Today was bread-baking day again. I’ve been successful for several weeks now avoiding purchasing bread at the grocery store. I’m finding that there is great satisfaction in making my own bread. I also have full control over the contents. No preservatives…and I proved that with last week’s loaf! I had one piece left…and it was getting a little moldy. I was sad that I wasn’t able to savor every bit of my baked good and was reminded of the fresh, perishable nature of what I’ve been making.
The recipe made was English muffin bread, a recipe I’ve had great success with from King Arthur Flour. (See my recipe pages for a link.) I found that the loaf size that comes from the King Arthur recipe made too small a loaf for my liking. I wanted to use the bread for toasting and for my lunches at work. The small loaf is very successful, just too small. I tripled the recipe through my Living Cookbook software and it, too, has been very successful.
I should provide some advice on adjusting recipes for baked goods. Given that baking is a lot about chemistry, adjusting the volume of a recipe can result in an undesired product. I would recommend any adjustments to volume be done at a time when you have the patience and funds to make a few bad versions. You may need to adjust the quantity of flour, yeast, liquids, acidity, etc. I don’t pretend to be an expert at the chemistry of baking.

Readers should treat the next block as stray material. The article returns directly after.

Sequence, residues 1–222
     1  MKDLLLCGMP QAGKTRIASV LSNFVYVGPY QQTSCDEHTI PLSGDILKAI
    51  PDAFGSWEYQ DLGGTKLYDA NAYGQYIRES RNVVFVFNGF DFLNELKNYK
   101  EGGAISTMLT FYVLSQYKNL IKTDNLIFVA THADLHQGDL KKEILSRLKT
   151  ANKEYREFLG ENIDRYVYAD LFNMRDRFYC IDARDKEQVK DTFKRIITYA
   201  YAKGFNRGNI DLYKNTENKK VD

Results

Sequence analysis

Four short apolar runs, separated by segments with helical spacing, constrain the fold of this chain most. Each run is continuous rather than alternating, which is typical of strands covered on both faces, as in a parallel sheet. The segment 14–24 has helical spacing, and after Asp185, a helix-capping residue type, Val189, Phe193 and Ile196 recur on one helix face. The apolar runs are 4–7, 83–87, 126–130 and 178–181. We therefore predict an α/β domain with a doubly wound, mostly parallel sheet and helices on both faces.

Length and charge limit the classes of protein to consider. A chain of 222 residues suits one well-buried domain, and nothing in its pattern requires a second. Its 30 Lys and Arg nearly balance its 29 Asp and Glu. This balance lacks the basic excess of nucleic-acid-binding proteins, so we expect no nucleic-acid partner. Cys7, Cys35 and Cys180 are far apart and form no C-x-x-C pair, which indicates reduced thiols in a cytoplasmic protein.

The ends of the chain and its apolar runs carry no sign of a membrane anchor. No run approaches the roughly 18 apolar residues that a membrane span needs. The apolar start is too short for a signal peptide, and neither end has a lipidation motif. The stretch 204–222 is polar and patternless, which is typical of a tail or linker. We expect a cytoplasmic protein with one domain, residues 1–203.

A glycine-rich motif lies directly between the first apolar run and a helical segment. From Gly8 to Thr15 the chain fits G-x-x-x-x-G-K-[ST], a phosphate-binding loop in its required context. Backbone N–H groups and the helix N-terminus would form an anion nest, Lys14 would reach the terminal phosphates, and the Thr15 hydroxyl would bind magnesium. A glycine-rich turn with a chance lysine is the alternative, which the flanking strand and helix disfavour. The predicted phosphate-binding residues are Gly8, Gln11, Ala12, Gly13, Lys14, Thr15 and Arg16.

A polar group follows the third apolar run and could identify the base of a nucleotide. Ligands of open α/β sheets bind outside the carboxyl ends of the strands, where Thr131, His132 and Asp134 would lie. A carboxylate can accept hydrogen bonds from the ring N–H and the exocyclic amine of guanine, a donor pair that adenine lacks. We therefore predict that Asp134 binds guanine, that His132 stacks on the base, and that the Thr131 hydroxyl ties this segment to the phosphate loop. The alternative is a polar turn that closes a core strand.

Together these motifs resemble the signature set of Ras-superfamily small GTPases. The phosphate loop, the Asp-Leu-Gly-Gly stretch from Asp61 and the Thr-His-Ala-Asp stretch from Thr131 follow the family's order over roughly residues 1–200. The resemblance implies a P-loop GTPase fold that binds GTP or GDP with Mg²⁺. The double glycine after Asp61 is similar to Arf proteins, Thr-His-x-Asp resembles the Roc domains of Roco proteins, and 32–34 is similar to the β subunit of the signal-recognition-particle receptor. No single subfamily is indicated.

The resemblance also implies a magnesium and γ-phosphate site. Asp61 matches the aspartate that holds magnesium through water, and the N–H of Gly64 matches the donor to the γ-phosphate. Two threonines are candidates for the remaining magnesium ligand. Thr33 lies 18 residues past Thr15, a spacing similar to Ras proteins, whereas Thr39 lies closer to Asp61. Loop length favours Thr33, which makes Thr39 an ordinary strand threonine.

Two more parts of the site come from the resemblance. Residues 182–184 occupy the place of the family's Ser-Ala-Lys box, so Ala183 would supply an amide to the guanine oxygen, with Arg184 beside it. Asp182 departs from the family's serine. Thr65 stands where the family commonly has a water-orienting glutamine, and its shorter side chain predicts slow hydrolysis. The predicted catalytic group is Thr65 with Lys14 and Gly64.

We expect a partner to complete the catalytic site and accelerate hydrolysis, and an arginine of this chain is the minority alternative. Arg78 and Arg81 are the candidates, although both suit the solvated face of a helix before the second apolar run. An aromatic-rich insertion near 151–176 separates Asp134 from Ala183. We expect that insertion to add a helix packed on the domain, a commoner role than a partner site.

As you can see, I took some pictures today so that you can see my final product. Not the prettiest of loaves, we have cut them up and toasted a piece. As always, the King Arthur recipe came through. We’ll have toast for the week along with sandwich sized slices for my lunches. Several years ago, I learned of English muffin bread from a local commercial bakery called Natural Ovens. They used to make the most wonderful, large-slice loaves of English muffin bread.
The last thing that I want to talk about today are the pans used. My partner, Dale, brought several pans home from his parent’s house a few months ago. I always wonder what’s going to come home with him when he goes up to the house to prepare it for sale with his siblings. Sometimes there are exciting things that come home, sometimes there are very sentimental things that come home, and sometimes I have to bit my tongue and ignore what came across the threshold.
When the pans came in, I feared that they might be more sentimental and less functional. I was intrigued. They looked worn…a bit dirty. I asked Dale about the origins and the history. They were, in fact, used by his mother to bake bread for the family. The dirt? Not a chance. The dark (patina we’ll call it) came from years of baking. The dark coloring on the outside really has done a good job creating a nice brown crust. I’ll continue to use these pans well into the future. In addition to coming out with great bread, we’re going to continue on with Dale’s family history. I’ll think of Edith every time we make bread.